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    In some ways though, in situations like this, it's better the devil you know... It's not always as simple as "what are you spending to repair it per year". Purely anecdotally though it's typically around the 13-15 year mark and 100-130k miles that cars tend to get to the point where they start costing a disproportionate amount to keep on the road. This has been my experience from 5 cars I've owned previously. – WhatEvil Sep 28 at 23:36
  • @WhatEvil, that's what the P.S. was for. I usually get rid of a car when the value gets below $1500. That's the point when an unexpected repair will probably put more in the car than it's value. – sevensevens Oct 1 at 13:31

You have two separate questions here: "...get rid of this car and either buy or lease a new comparable car..."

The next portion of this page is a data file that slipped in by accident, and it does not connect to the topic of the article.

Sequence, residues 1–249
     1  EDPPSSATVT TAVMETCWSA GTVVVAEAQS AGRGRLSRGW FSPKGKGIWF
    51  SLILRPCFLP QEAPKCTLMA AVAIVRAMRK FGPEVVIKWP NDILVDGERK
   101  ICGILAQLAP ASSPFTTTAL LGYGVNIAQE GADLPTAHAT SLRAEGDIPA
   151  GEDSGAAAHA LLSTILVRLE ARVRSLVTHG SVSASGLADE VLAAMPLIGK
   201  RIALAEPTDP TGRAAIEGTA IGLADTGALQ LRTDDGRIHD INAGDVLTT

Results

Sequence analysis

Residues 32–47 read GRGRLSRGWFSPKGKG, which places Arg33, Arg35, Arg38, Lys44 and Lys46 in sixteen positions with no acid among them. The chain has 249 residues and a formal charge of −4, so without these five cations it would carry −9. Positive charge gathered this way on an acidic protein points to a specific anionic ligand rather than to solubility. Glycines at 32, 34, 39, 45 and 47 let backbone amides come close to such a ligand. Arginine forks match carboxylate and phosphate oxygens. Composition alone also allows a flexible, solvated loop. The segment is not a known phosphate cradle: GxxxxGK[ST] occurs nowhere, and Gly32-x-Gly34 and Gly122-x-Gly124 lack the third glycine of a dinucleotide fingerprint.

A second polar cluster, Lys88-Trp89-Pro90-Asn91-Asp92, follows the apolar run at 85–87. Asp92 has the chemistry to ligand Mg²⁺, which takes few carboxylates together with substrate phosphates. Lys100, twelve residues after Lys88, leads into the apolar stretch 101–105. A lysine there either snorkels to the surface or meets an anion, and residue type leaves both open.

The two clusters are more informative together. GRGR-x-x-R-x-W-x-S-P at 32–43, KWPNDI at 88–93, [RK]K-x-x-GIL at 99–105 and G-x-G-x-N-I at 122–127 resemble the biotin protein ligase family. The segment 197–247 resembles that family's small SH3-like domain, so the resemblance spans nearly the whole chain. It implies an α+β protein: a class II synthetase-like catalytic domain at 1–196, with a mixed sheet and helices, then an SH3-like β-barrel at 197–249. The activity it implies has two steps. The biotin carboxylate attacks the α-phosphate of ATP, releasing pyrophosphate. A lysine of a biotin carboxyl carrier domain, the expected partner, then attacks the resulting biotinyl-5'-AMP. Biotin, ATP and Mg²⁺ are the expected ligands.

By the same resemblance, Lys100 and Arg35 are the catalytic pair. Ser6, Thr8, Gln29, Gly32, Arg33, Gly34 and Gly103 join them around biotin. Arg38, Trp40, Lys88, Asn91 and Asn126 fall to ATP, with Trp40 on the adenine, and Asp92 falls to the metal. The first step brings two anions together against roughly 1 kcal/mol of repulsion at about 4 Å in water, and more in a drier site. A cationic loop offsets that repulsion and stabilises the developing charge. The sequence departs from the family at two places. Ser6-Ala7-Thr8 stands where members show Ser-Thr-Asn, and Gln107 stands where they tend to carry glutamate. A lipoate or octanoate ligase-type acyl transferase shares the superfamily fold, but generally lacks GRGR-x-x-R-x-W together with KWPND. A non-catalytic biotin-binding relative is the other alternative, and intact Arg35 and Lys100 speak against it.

Getting rid of this car would seem to be a definite yes. I find it hard to believe that ANY car, especially one with such low mileage, would require the level of repairs that you've experienced. Other than the normal maintenance items like brake pads, I'd be surprised to encounter one or two significant problems in a decade. Things like replacing transmissions & fuel tanks just shouldn't happen, period. So it seems you have a lemon, and junking it is the best option.

Now as to getting a COMPARABLE new car... Well, other questions here deal with the economics of new cars, so I won't repeat them. But in getting your new vehicle, look at information on reliability. Then get a Honda, Toyota, or perhaps Mazda or Subaru.